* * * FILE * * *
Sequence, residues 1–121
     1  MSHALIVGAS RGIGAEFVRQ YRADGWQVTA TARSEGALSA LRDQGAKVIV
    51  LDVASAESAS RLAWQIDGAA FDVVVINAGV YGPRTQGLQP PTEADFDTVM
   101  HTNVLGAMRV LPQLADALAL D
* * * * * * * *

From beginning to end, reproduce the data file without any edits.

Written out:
Sequence, residues 1–121
     1  MSHALIVGAS RGIGAEFVRQ YRADGWQVTA TARSEGALSA LRDQGAKVIV
    51  LDVASAESAS RLAWQIDGAA FDVVVINAGV YGPRTQGLQP PTEADFDTVM
   101  HTNVLGAMRV LPQLADALAL D